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Service Programs

Youth Service Initiative Project in Ghana

Tamale, Ghana - Europeans participating in the Youth Service Initiative raised funds and went to Ghana to help build a resource center to give children and youth opportunities for recreation, personal development, and access to books and other educational materials. We also organized a variety of learning activities and practical projects. In addition, we held forums in various locations on religion, discovering one's talents, life planning, and cultural differences between our countries.

In Frankfurt, Germany, people who have spent time in Africa led an orientation program; we also learned about cross-cultural communications.

After a six-hour flight to Accra, we stayed at the Salvation Army for one night and left by bus the next morning for a 10-hour trip to Tamale in northern Ghana.


We were welcomed by the Community Partnership for Youth and Women's Development at their office, and everybody introduced themselves. This is the third time Youth Service Initiative has worked with them on a project in Ghana.

We stayed at a house in the village where we were building the resource center. We slept on mats on the floor. Three or four people cooked our meals, which consisted of typical African food such as yams, fufu, plantains, beans, and guinea hens.

For most of the first week, we were busy building the resource center together with the local helpers in the village of Katariga next to the school. Without modern tools, we started by uprooting plants. The visible part of the plants was very small in relation to the massive root which penetrated deep into the soil. After digging a one-meter trench marking the perimeter of the building, we mixed cement, sand, and water to prepare a level foundation on which to lay the brick walls. We also laid a floor. We accomplished what we aimed to do during our time there. Besides the main building, we built two summer huts in the same order. We managed to finish these together with the local helpers within our time period.

Our other main activities were the forums, which people attended out of curiosity. Our first forum was on religion. We invited people from different religions to participate, including youth group leaders. We paired up with the local people and introduced ourselves and then discussed our perspectives about religion. It was very interesting to get a sense of the value that people see in religion and learn about the major role that religion plays in the life of Africans.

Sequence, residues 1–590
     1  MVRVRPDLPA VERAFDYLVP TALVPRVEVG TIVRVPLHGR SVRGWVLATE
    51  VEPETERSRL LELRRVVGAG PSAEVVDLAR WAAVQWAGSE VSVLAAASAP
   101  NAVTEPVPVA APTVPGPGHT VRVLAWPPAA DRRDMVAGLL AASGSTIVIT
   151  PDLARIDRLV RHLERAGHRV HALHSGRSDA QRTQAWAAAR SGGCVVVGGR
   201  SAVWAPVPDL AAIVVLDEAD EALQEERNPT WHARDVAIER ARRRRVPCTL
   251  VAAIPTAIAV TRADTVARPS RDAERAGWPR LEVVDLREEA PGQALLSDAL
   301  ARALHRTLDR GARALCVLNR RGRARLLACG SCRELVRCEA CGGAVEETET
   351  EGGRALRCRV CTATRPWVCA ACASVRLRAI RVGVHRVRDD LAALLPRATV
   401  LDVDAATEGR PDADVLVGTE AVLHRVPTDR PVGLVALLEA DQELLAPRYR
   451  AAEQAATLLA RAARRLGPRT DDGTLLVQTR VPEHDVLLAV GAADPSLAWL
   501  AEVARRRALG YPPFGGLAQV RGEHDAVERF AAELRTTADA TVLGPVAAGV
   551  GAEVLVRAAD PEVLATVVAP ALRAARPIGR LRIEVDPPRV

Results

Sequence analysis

Another forum was held with students from ages 14 to 17. We talked about life planning and talents. We began with some ice-breaker games, which included music and movement. Then we sat together in groups and talked about our interests and the kind of work we want to do after we finish our studies. Each person made a drawing and explained it to everyone.

One of the most productive forums was at a college campus in Bimbilla. After icebreaker activities by teams, everyone wrote down their typical school day and explained it to the group. This was the foundation for an exciting discussion in which we shared about differences in our school systems and countries. We learned that the Ghanaian students were eager to have access to computers and practical training. Each group gave an interesting presentation.

In Bimbilla we also visited the beekeeping project started by Community Partnership. It benefits the community by giving women an opportunity to earn an income by selling the honey produced by the bees. We were given an amazing welcome by the whole community and even people from a neighboring village. We felt that the beekeeping project has made a positive impact.

Our most unique experience was a trip to Mole National Park in northwest Ghana, where we could see animals such as elephants, baboons, and crocodiles living in the wild. In Europe we only get to see such animals in a zoo.

We enjoyed learning each others' dances. People performed traditional dances for us, and we had the opportunity to dance for them as well. The variety of drums made a very unique sound and created a very good rhythm.

Looking back on the project, we accomplished our goals of laying the foundation of the resource center and building two summer huts. We are grateful to those who supported us by buying Easter eggs and also to Emmaus, Resto Van Harte, the Yoo family, Klaus Hartman, Isaac Gibson, and all the others who helped make this experience possible. We also thank Maartje Bos and Jonathan Palombi, who were our project managers and made our stay a unique experience.

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